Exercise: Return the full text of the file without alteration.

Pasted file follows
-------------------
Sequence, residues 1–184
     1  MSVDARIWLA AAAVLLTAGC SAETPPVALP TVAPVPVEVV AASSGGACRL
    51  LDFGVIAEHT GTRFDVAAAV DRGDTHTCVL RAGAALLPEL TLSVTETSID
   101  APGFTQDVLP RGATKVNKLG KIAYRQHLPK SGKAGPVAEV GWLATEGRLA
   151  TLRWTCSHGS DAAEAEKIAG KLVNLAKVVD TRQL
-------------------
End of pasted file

Sequence, residues 1–184
     1  MSVDARIWLA AAAVLLTAGC SAETPPVALP TVAPVPVEVV AASSGGACRL
    51  LDFGVIAEHT GTRFDVAAAV DRGDTHTCVL RAGAALLPEL TLSVTETSID
   101  APGFTQDVLP RGATKVNKLG KIAYRQHLPK SGKAGPVAEV GWLATEGRLA
   151  TLRWTCSHGS DAAEAEKIAG KLVNLAKVVD TRQL